The U.S. government bailed out the nations' banks and big companies like General Motors and insurer AIG but has no plans to own those companies forever, says Lawrence Summers, director of the White House's National Economic Council.
“The government's direct actions to invest money in companies were once-a-generation or once-every-two-generation responses to a once-every-two-generation emergency,” Summers told the Wall Street Journal.
“They were designed to be, and have proven to be, temporary. There is no aspiration of any kind to change the private-sector basis of our economy.”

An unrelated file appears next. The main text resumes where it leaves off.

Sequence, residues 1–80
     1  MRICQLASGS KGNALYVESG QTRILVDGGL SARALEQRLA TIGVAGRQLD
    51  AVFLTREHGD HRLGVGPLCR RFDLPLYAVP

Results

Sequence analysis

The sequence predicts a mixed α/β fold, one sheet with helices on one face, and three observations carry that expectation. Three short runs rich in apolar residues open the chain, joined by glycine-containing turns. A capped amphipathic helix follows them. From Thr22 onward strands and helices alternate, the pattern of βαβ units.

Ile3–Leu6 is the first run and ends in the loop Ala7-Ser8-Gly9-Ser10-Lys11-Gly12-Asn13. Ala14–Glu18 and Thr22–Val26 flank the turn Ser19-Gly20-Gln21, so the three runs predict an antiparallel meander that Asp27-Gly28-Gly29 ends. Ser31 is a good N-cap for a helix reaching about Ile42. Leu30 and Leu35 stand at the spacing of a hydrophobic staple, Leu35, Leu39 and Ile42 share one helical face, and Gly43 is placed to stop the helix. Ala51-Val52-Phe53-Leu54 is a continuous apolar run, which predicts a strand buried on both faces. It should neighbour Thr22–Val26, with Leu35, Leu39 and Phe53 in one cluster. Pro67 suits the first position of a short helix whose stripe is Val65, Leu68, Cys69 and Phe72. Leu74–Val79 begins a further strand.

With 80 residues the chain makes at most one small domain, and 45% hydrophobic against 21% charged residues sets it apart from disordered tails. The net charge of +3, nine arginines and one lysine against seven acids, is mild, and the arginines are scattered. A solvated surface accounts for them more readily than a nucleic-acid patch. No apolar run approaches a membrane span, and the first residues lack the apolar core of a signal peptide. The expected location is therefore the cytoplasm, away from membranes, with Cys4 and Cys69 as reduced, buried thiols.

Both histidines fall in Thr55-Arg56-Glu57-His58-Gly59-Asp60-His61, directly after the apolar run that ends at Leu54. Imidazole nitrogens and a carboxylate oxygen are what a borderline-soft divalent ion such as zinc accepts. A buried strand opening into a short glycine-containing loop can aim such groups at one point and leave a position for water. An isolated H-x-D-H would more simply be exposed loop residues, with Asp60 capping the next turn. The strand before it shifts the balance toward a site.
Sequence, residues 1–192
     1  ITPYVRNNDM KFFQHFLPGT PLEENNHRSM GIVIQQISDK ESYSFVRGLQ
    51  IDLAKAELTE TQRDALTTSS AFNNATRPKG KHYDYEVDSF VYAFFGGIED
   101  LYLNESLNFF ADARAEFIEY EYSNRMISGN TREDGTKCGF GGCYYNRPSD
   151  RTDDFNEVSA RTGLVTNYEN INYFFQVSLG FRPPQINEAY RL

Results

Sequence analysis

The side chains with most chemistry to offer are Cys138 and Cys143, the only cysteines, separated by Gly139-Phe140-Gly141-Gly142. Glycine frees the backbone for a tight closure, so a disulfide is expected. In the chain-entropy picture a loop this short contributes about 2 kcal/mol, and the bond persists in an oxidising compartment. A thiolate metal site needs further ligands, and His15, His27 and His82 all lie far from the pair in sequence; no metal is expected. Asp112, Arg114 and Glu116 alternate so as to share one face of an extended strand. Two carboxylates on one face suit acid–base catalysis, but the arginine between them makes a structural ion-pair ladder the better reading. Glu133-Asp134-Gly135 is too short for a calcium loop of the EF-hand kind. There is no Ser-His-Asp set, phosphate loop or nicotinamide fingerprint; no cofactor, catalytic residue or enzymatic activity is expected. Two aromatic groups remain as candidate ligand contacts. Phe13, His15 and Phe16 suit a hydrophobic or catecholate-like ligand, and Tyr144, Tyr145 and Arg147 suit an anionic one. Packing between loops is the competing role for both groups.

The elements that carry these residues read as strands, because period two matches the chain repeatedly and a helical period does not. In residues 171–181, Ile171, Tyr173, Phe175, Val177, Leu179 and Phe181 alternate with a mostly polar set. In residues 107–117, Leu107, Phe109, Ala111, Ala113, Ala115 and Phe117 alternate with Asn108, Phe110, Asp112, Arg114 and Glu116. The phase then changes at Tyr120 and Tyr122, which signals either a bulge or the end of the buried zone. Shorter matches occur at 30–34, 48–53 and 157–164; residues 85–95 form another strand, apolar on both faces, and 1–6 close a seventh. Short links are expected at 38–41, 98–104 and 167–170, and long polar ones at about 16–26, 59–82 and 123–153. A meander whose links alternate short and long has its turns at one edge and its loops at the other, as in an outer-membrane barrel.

The Obama Administration has spent billions bailing out banks and financial institutions while figuring out how to regulate financial institutions and their regulators in order to prevent a similar financial crisis in the future, an effort to avoid the worst recession since the Great Depression over sixty years ago.
For Summers, the idea is not to create more oversight organizations but rather, reform the ones we already have.
“Today, given that government touches more of the economy, the response to problems is more reform of institutions than the creation of new institutions,” Summers says.
Many economists agree these days that the U.S. is emerging from its recession although unemployment rates still remain high.
Summers believes unemployment rates will begin dropping by spring of 2010.
“I believe, as do most professional forecasters, that by spring, employment growth will start to be turning positive,” Summers told ABC.
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